How Lawyers Can Make The Most Of Long-Haul Flights

Between client meetings, office visits to collect discovery, and international negotiations, lawyers can spend more time in the air than in the courtroom.

“More of us are getting to know that feeling. Over the past decade, ultra-long-haul plane flights—those lasting more than 12 hours—have become a component of business life like never before. It used to be that only a diplomat or top executive would jump on a plane and set off for halfway around the world,” writes Bruce Schoenfeld for Entrepreneur Magazine.

“Today—with markets such as China, India and the Middle East too large and lucrative to ignore—even small companies operate internationally.”

Unfortunately, these days, aircraft amenities are not what they used to be. A few hours on a plane can seem endless without the proper pre-flight checks.

So, plan ahead. Law firm professionals can make the most of a laugh-haul flight through the following tips:

1. Conduct Due Diligence on the Airliner

Not all 747s are created equal. In fact, 747s are even a plane of the past. Now, there are luxury 777s and, soon, 787 Dreamliners for the true jet-setter.

If you’re in first or business class, “Check with your carrier to make sure that the plane you’ll be on offers flat-bed service and all the entertainment amenities,” suggests Mr. Schoenfeld in Entrepreneur.

For those in economy, look up which seats have electronic plugs.  Not all aisles and seats are equipped.

And, research the airliners that boast superior legroom. Sitting cramped behind another passenger’s reclined seat for five hours—without a meal—is enough to drive anybody crazy.

You’re in luck. This month, the results of the SKYTRAX 2012 World Airline Awards were announced at the Farnborough International Airshow, ranking the world’s top carrier as well as bests in categories like “best by cabin,” “best low-cost airline,” “best lounges,” “best regional airlines,” and more.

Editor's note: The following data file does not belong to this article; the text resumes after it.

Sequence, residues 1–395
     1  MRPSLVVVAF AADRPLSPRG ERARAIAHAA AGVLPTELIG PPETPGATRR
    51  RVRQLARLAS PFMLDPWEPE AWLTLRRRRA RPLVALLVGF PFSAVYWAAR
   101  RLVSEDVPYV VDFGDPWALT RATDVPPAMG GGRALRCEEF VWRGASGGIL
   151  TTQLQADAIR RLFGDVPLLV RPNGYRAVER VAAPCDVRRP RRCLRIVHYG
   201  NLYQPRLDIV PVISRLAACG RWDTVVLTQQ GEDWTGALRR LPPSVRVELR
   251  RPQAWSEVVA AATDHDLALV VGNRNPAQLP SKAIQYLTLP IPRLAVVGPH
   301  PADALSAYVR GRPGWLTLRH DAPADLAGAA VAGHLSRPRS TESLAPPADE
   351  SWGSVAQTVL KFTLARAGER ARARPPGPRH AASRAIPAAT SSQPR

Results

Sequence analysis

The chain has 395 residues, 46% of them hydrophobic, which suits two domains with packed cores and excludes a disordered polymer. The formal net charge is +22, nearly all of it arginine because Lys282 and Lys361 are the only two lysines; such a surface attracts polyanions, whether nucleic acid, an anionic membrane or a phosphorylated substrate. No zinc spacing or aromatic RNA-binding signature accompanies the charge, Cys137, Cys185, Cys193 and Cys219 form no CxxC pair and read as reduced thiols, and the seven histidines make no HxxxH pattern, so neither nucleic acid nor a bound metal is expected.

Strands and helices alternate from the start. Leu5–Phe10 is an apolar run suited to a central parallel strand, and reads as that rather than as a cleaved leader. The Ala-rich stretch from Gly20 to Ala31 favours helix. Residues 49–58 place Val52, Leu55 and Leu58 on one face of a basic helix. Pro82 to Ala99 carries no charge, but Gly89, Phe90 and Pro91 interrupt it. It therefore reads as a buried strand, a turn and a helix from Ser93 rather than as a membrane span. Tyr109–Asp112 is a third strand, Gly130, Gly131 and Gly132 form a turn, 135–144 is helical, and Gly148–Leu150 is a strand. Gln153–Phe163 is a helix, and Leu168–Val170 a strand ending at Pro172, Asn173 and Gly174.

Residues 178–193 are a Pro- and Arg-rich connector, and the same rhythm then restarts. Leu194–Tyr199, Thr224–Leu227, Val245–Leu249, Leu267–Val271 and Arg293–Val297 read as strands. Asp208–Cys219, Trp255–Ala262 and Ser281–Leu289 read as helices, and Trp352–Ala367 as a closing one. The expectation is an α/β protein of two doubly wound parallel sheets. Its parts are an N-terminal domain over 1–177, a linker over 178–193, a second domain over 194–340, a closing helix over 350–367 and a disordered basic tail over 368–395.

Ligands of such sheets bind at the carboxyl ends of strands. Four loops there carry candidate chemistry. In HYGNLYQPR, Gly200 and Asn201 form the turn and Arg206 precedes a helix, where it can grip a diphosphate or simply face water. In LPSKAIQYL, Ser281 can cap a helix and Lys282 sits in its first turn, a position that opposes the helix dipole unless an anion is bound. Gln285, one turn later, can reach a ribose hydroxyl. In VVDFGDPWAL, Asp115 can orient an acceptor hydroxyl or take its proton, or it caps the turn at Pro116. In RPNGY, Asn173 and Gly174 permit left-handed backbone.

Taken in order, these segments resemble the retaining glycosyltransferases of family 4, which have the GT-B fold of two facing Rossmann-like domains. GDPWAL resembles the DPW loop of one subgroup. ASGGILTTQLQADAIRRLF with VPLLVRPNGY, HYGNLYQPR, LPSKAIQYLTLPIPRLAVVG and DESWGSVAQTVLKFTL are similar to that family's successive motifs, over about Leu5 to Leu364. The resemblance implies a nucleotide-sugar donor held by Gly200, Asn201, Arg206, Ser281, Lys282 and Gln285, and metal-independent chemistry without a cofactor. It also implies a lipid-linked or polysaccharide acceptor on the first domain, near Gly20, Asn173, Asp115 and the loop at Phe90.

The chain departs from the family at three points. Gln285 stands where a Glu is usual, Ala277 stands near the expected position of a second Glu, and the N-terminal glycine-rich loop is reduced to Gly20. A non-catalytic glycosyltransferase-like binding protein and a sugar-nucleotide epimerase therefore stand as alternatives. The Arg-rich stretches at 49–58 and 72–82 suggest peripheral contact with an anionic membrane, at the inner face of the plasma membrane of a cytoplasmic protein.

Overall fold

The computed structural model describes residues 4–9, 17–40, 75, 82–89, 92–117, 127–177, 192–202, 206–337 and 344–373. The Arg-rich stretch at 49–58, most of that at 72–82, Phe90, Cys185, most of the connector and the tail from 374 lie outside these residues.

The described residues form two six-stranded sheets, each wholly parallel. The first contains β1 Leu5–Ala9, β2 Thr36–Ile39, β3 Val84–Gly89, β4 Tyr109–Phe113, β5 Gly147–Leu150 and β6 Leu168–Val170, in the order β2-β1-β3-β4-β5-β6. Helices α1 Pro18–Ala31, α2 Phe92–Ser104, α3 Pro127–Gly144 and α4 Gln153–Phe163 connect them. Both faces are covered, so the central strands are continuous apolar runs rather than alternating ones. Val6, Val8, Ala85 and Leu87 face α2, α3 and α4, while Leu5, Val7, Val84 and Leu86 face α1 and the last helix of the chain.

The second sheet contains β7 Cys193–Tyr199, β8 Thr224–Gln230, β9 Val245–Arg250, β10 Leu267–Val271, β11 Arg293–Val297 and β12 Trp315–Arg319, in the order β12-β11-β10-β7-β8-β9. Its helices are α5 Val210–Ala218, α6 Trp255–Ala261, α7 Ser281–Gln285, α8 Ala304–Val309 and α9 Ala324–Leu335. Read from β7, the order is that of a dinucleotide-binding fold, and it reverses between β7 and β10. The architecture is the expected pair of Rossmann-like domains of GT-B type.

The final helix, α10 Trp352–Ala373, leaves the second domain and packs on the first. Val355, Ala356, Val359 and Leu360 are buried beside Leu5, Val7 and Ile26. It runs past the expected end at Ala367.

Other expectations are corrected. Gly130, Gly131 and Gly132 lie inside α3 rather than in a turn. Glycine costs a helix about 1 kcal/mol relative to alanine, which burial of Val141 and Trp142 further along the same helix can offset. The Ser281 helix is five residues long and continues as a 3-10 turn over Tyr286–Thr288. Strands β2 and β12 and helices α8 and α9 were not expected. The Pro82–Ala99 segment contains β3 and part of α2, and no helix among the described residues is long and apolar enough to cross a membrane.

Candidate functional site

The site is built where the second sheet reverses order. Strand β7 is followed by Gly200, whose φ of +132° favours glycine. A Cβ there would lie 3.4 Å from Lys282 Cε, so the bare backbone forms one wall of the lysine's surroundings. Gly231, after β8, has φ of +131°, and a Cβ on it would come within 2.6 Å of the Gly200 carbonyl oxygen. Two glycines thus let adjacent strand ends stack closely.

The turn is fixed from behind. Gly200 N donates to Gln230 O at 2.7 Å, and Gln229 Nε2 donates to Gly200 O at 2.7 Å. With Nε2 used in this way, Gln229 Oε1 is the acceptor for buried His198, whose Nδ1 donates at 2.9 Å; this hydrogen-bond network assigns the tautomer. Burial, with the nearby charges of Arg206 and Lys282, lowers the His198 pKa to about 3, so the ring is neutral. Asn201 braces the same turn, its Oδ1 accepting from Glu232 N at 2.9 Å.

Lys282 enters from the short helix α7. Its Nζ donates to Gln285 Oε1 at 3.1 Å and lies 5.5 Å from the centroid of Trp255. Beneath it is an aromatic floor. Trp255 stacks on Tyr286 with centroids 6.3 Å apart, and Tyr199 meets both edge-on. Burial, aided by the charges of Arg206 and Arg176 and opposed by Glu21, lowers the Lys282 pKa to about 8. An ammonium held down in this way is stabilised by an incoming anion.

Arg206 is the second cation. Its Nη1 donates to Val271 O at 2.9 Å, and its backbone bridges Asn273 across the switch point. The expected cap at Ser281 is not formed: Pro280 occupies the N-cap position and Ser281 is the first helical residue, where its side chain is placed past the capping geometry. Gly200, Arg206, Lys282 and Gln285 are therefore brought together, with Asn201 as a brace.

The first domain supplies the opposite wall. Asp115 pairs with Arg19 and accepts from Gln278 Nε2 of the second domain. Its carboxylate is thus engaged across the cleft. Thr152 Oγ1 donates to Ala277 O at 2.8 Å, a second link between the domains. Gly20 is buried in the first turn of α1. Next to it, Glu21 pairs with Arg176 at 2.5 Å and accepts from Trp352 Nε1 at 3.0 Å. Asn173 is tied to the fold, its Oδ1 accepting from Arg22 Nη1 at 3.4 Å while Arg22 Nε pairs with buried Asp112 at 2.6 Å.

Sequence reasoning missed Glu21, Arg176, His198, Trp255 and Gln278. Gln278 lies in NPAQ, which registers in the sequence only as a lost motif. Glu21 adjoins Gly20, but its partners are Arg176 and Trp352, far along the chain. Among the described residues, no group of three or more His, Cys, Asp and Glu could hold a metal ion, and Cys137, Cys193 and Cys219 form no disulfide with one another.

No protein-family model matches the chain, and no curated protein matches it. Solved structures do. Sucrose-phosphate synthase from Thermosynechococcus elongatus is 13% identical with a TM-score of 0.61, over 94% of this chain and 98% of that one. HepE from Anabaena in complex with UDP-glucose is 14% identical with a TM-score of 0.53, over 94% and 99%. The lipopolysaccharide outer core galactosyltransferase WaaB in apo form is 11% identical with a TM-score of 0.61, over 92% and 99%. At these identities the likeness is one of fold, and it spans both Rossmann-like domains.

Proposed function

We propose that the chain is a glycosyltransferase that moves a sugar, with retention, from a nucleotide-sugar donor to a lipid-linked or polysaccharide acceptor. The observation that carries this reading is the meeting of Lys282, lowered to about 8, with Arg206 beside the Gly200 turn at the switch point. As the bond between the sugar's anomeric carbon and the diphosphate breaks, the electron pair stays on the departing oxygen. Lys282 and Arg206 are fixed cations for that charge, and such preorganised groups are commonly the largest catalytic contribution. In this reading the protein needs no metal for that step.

Now that you’re in the habit of putting as much due diligence in your travel as your work, check to see if seat 6A is free. It was recently voted “best seat on a plane.”

2. Create A Plan For The Air

“Once you’re onboard, it’s important to have a strategy. Late last year, I flew from Los Angeles to Hong Kong, a 13-hour trip that put me on the ground before breakfast. My plan for that flight was to arrive ready for a workday. So I ate dinner, watched a movie, then slept six hours and awakened an hour before landing. I’d adapted to the time change from the moment I hit the ground,” boasts Mr. Schoenfeld in Entrepreneur.

Decide, in advance, how you’ll spend the flight. Maybe it’s much needed sleep. Perhaps it’s the opportunity to catch up on episodes of Homeland. Or, on the other hand, maybe you’ve just earned five to twelve extra hours of legal prep for whatever case bound you aboard in the first place.

Creating a pre-flight plan will help you pass the time more productively.

3. Consider Employees’ Family and Spouse

If you’re a law firm manager, don’t forget about the families and spouses of your frequent fliers. If trips last over the weekend, give employees the option to take off the following Monday workday.

Or, offer to fly up (free) the spouse or partner of your jet-setting associates.

Travel is a necessary component of many jobs, including law. But, as an employer, it’s important to realize that even first-class travel might not be an attorney’s first choice in evening plans.

So, while planes might not be a perk of the position, lawyers at your firm can still look forward to flight when it takes place alongside their husband or wife.

 -WB

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